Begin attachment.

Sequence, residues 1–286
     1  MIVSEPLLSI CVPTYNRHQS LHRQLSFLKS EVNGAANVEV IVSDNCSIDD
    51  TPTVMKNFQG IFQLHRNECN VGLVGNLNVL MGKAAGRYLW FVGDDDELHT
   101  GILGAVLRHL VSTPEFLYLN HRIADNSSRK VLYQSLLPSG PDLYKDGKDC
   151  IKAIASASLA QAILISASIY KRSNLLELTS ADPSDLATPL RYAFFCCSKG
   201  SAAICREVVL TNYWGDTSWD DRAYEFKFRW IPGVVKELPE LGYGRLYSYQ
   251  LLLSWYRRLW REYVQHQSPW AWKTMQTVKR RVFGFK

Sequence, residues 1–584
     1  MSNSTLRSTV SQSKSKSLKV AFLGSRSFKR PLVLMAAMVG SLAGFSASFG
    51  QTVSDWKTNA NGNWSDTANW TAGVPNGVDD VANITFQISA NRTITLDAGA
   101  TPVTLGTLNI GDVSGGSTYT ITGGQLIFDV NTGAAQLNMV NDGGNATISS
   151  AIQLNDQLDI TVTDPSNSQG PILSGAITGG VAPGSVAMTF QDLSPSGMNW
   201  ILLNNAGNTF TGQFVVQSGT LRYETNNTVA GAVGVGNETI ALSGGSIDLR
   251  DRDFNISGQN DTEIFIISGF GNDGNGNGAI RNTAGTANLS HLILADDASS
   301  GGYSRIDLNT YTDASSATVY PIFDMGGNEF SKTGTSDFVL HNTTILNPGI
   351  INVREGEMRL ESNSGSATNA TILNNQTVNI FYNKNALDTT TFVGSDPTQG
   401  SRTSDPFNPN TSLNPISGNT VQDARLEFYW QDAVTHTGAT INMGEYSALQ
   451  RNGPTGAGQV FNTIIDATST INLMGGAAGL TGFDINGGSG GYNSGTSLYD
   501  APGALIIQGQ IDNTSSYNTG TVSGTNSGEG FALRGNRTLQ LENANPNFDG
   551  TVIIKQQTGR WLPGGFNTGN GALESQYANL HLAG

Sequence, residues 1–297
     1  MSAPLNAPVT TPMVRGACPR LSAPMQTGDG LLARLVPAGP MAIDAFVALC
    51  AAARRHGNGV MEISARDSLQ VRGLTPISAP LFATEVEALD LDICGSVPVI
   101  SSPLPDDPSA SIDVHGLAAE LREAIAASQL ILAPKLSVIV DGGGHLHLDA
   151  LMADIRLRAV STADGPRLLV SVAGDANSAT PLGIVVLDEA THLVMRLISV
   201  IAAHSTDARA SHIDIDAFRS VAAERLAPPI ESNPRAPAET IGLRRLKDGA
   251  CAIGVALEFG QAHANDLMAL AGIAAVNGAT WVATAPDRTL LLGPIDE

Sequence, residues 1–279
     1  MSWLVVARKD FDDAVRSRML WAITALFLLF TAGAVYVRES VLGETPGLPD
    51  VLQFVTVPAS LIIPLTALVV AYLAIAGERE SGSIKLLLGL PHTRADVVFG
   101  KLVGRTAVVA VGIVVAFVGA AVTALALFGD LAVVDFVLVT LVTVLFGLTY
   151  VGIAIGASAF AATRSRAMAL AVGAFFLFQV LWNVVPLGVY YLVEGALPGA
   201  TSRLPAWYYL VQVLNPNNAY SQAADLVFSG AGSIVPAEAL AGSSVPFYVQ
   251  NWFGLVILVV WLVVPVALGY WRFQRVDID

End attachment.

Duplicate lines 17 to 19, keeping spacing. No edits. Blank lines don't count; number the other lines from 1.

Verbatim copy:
   401  SRTSDPFNPN TSLNPISGNT VQDARLEFYW QDAVTHTGAT INMGEYSALQ
   451  RNGPTGAGQV FNTIIDATST INLMGGAAGL TGFDINGGSG GYNSGTSLYD
   501  APGALIIQGQ IDNTSSYNTG TVSGTNSGEG FALRGNRTLQ LENANPNFDG